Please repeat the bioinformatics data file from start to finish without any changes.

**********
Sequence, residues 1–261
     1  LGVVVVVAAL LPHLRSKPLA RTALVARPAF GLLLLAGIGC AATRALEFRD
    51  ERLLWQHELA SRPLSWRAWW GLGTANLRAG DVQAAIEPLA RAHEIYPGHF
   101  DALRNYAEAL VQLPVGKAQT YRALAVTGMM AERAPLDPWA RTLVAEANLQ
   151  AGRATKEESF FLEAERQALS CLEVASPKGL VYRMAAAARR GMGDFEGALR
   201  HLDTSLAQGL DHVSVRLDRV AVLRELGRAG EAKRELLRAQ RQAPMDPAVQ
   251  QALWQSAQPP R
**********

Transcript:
Sequence, residues 1–261
     1  LGVVVVVAAL LPHLRSKPLA RTALVARPAF GLLLLAGIGC AATRALEFRD
    51  ERLLWQHELA SRPLSWRAWW GLGTANLRAG DVQAAIEPLA RAHEIYPGHF
   101  DALRNYAEAL VQLPVGKAQT YRALAVTGMM AERAPLDPWA RTLVAEANLQ
   151  AGRATKEESF FLEAERQALS CLEVASPKGL VYRMAAAARR GMGDFEGALR
   201  HLDTSLAQGL DHVSVRLDRV AVLRELGRAG EAKRELLRAQ RQAPMDPAVQ
   251  QALWQSAQPP R